“WE HAD TO DO SOMETHING”

As the attention of Oiler fans splits into two (Nuge/Nail/Frank’s boy at WJ’s, Barons of the AHL) through early January, OKC’s coach Todd Nelson is making changes in the lineup in an effort to stop the losing streak.

Hat tip to Jonathan Willis  (and to News OK) for the news: the Oilers south are changing up the lines:

  1. Anton Lander-Taylor Hall-Magnus Paajarvi
  2. Mark Arcobello-Curtis Hamilton-Jordan Eberle
  3. Josh Green-Teemu Hartikainen-Phil Cornet
  4. Chris VandeVelde-Dane Byers-Tyler Pitlick

Lets take these one at a time:

  • Lander and Paajarvi must feel as though they’ve died and gone to heaven. I’m not at all certain this line with show much but what the hell they can always bring out the MacT blender. 
  • Hamilton HAS to be thrilled with this push, and I also think the organization is showing a lot of faith in Arcobello (as Josh Green is available for this slot). Eberle plays the role of Taylor Hall on this line–gifted NHL player trying to infuse offense into a line with two also-rans.
  • I’m not sure that Harski deserves the 3line, but do like he and Green together. I’d pick Pitlick for that line, but Cornet cashed 24 last season–and has 8 in 14 ECHL games this season–and that’s something to remember.
  • Pitlick is down with Byers–who has scored at the AHL level over the years–and VandeVelde whose stats suggest he’d dump it into the corner on a breakaway. If I’m Pitlick, I’m pissed. This is seriously the short end of the straw.

Abney was sent down to Stockton, Martindale and House along with Kristians Pelss are guys we’ll see at some point too.

Maddeningly, the article didn’t mention the D pairings, but there isn’t much Nelson can do with the blue. This team needs a veteran defenseman badly, a guy who can settle things down and make plays at the AHL level. Corey Potter would be great if he was left handed. That kind of thing. Needed it since training camp.

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14 Responses to "“WE HAD TO DO SOMETHING”"

  1. Woodguy says:

    I really hope Pitlick gets his shit together.

    Many had him in the 1st.

    Hell, even Zona wanted the Oilers to take him there.

    Unlike Moroz, Pitlick was a choice many agreed on.

    He has the body, skating ability, and history says he has the tools (to some extent).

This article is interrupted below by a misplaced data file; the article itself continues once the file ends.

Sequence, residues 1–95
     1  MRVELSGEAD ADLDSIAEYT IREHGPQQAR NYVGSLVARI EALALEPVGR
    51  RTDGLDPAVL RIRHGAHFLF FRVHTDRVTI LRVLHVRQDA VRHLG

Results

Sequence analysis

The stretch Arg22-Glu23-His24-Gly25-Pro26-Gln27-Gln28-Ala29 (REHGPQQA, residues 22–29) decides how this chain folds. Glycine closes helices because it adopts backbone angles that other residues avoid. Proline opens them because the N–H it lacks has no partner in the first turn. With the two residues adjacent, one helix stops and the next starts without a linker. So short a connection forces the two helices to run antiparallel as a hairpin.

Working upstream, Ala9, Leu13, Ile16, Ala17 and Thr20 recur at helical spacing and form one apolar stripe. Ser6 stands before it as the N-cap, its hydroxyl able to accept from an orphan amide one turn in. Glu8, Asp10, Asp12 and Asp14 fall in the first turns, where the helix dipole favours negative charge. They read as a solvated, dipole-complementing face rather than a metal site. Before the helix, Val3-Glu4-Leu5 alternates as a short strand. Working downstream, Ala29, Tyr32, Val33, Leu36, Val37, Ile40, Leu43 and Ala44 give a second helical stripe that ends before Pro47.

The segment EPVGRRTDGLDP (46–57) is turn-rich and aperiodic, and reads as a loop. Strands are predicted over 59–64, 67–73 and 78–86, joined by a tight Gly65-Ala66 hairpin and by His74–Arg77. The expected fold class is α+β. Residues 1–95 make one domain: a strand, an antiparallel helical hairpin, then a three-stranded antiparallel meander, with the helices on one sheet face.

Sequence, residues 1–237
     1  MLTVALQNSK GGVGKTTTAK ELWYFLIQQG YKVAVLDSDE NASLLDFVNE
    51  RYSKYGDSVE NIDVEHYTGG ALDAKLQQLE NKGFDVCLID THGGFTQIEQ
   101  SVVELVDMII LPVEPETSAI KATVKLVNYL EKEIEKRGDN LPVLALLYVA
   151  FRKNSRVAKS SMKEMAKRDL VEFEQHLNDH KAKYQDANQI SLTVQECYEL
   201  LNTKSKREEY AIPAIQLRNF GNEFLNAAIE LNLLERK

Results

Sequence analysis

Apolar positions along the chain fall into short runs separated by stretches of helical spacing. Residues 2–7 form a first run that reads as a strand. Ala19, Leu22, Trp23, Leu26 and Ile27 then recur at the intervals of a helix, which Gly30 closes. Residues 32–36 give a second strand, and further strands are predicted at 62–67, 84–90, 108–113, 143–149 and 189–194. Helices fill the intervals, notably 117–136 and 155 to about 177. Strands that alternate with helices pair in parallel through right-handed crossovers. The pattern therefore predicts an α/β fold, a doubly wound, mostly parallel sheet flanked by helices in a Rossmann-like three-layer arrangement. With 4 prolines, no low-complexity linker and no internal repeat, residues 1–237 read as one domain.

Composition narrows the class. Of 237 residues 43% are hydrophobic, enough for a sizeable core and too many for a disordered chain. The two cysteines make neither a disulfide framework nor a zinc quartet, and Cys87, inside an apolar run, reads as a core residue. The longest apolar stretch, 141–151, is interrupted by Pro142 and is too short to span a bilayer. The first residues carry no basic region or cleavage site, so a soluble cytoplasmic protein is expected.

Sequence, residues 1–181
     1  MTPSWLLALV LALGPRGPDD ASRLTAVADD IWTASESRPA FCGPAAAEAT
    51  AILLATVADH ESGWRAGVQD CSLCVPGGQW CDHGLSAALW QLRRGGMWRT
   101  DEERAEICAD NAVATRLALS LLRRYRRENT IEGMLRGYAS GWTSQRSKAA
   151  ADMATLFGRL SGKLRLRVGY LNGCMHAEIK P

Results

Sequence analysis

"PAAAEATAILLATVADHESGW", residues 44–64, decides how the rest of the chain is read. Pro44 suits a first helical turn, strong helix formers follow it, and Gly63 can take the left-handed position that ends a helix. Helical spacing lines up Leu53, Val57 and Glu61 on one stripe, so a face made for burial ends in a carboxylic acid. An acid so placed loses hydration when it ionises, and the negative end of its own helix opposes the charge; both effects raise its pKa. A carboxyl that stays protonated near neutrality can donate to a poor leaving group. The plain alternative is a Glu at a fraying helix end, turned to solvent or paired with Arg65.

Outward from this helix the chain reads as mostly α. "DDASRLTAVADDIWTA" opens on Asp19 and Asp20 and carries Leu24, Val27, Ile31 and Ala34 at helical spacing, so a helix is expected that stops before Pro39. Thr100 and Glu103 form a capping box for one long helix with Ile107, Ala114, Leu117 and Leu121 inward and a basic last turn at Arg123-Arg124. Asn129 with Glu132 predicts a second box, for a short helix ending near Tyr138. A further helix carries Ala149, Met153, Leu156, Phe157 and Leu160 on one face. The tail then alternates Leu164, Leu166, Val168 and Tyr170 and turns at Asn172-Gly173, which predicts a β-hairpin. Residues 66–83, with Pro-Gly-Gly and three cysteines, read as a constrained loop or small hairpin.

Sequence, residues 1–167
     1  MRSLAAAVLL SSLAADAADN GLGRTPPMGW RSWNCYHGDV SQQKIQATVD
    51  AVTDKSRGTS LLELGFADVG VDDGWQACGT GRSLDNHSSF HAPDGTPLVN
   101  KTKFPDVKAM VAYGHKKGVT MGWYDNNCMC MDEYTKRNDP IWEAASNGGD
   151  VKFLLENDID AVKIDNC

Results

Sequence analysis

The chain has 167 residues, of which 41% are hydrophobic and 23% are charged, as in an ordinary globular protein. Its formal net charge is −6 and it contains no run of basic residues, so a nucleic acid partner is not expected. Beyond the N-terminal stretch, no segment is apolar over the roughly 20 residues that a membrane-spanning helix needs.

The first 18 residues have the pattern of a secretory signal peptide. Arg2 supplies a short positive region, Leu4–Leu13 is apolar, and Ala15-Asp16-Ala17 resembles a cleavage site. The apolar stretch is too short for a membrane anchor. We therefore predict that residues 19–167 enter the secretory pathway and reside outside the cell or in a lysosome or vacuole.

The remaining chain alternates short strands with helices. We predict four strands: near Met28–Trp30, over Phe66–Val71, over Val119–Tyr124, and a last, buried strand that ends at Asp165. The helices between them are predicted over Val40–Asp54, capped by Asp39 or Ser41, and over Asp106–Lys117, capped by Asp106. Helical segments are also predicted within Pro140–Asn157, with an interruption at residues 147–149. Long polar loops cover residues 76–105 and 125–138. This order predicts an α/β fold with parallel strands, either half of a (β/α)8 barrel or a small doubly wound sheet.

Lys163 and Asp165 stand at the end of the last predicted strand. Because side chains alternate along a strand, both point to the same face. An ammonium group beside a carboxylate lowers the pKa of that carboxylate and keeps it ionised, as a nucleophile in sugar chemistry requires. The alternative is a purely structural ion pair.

Hope he puts it all together.

    Big year for him.

    Hamilton passing him on the depth chart might piss him off enough to get serious.

    Hopefully.

  2. Lowetide says:

    22 even strength goals in the WHL at 18. That’s a nice number. Even if he turns into a 2-way winger who can score 15 goals. Man he needs a break.

  3. Woodguy says:

    AHL can be a tough league.

  4. leadfarmer says:

    Not sure why Pitlick is doing so poorly, kid’s got size, is fast, is in the right place at the right time. Just cant finish.

    Hey LT can you do an update on how all the oilers players are doing around the globe?

  5. OilLeak says:

    Pitlick’s problem in my view is his hockey sense, he has no idea what to do with the puck in the offensive zone. In college and the WHL Pitlick’s raw skills were enough to overwhelm inferior competition, but the at the pro level tools will only take you so far.

    I’ll agree with everyone that Pitlick looks like a hockey player, but the guy scores less than Paajarvi and by comparison Paajarvi’s shot is a wet noodle.

  6. Lowetide says:

    Leadfarmer: Seachd always has it over at hf boards
    http://hfboards.hockeysfuture.com/showthread.php?t=1257183

    Oilleak: Still, 22 EV goals in a WHL season implies he did something right. The longer we go the more we can discount luck, but he sure looks like a player (and he did have some nice things coming out of Medicine Hat).

  7. jp says:

    Lowetide:
    Leadfarmer: Seachd always has it over at hf boards
    http://hfboards.hockeysfuture.com/showthread.php?t=1257183

    Oy! Just browsing the list. I kinda knew, but it hadn’t really clicked. The offensively challenged defenseman Musil is outscoring both Moroz and Ewanyk (Zharkov too for that matter). That is not a good result/sign for those forwards…

    On Pitlick, I really think he’s going to figure out scoring at the AHL level at some point before too long. I think there’s a very good chance we see him in the Oilers bottom 6 in the next few years. Top 6 is all but out of the question though.

  8. godot10 says:

    It is really silly to rank these lines 1-2-3.

    Last year Green and Hartikainen played a lot together, and played really well, and were pretty much considered the 1st line. Arcobello and Keller played together, and were considered the 2nd line. Eberle is basically Keller squared. And with Hall on the other line. This is really line Xa, Xb, and Xc.

    Nelson likes 3 solid “equal” lines and a checking line. It is typically the way he has been lining them up the last two years.

    I don’t think the problem is with how he lines up the forwards. The problem is that the team is too inexperienced on defense. Plante going from AHL allstar to has been overnight has been pretty devastating.

  9. LMHF#1 says: